What does obesity have to do with climate change? Quite a lot, according to an influential commission, which says the big food companies that make the junk food fuelling our expanding bodies are also destroying our environment — and need to be stopped.
Humans have been getting steadily fatter over the past 30 years and not a single country has been able to stop this trend, despite myriad committees and commissions that have proposed various solutions.
Obesity is now the second-biggest cause of preventable cancer after smoking, and it is driving an explosion of Type 2 diabetes, heart disease and strokes.
Although the definition of “malnourished” covers both obese and undernourished people, it used to conjure up a picture of starving Africans. But that picture is no longer accurate. By 2011, there were twice as many obese adults as undernourished ones in the world and eight of the 20 countries with the fastest-growing obesity rates are in Africa.
The rate of overweight and obese adults increased by a massive 127% between 1990 and 2017, and there is “no obvious solution” to stop it, according to the Commission on Undernutrition, Obesity and Climate change, convened by the renowned medical journal, The Lancet.
The three-year commission started off by researching obesity alone but decided it was impossible to divorce it from the food system that is destroying our environment. It’s not hard to see why. The key reason for us ballooning is our change in diet from one that was mainly plant-based to one that has more meat and processed foods.
In 1961, the average person ate 20kg of meat a year. By 2014, people were eating 43kg of meat a year and the global meat industry produced 318 million tons of meat – almost five times more than a mere 50 years ago.
Almost one-fifth of the greenhouse gases produced that are accelerating the warming of our atmosphere come from the methane-belching livestock being bred to feed our appetite for meat. More and more forests that produce the oxygen we need are being cut down to accommodate the animals and grow corn for them to eat.
By 2050, humans’ demand for animal-based food will increase by 70%, project the researchers, “further destabilising effects of deforestation, species extinction and climate change acceleration”.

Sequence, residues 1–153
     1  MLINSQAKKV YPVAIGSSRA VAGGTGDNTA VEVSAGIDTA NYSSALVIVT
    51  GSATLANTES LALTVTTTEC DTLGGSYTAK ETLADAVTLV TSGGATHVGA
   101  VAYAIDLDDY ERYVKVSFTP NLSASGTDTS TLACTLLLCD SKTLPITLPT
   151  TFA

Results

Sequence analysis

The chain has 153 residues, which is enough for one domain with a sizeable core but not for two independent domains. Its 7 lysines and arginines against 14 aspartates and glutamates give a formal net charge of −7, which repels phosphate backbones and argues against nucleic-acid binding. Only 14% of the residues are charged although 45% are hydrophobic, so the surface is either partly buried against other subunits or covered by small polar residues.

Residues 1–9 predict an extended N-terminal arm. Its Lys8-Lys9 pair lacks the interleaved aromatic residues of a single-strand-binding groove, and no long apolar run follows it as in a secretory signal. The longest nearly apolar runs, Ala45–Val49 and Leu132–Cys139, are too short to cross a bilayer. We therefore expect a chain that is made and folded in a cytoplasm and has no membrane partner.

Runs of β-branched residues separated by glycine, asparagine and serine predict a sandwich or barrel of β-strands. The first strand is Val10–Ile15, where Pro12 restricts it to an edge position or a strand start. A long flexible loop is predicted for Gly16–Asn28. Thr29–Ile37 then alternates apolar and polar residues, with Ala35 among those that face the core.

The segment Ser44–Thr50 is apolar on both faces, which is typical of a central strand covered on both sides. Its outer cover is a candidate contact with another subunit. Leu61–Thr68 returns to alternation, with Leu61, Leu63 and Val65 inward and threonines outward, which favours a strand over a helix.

Aside from a jump in meat consumption, “the consumption of industrialised and processed food that are high in transfats, sugar, salt, and chemical additives is growing in most countries”.
These food-like products (many don’t deserve to be called food as they provide no nutritious benefits) are usually cheap and have a long shelf life, making them attractive to low-income homes.
Relentless marketing and huge portion sizes, based on Big Food’s business model of “maximising short-term profits”, has led to people over-eating these “nutrient-poor food and beverages”, according to the commission.
Most governments have been unable to stand up to the big food and beverage companies producing junk food and sugary drinks fuelling the obesity crisis.
“Many countries’ efforts to include environmental sustainability principles within their dietary guidelines failed due to pressure from strong food industry lobbies, especially the beef, dairy, sugar, and ultra-processed food and beverage industry,” according to the commission.
In fact, far from trying to stop them, most governments enable Big Food by offering agricultural subsidies, (think: US subsidies for corn and cattle farmers) and deregulated business environments.
Big Food is not held accountable for the “human and environmental damage inflicted by their production and marketing” and it also enjoys “privileged access to policy makers and decision makers to maintain these business operating conditions”.
Low- and middle-income countries need to be protected from “exploitation and predation by food and beverage companies”, argues the commission.
It proposes that Big Food companies should be treated the same as tobacco companies and excluded from any decision-making related to health policy.
It recommends the global adoption of a “Framework Convention on Food Systems”, modelled on the Framework Convention on Tobacco Control.
The aim of the Framework Convention on Tobacco Control, which has been signed by 168 countries including South Africa, is to protect the people of the world from the dangers of smoking through a wide range of measures, from taxes to marketing restrictions.
Tobacco companies are excluded from developing tobacco control policy – unlike Big Food, which is usually consulted about controls and has been lobbying madly across the globe against measures aimed to check junk food, including taxes on sugary drinks and warning labels on food.
There needs to be “a radical rethink of how we eat, live, consume, and move” to protect both people and the environment, according to The Lancet’s Richard Horton and Sabine Kleinert.
“At a time of inward-looking national governments, emerging populist movements in many countries and some misguided distrust of data and science, strong international efforts and voices are needed,” they urge.
This article Kerry Cullinan was first published on 4 February on Daily Maverick.
For more on the full report, click here.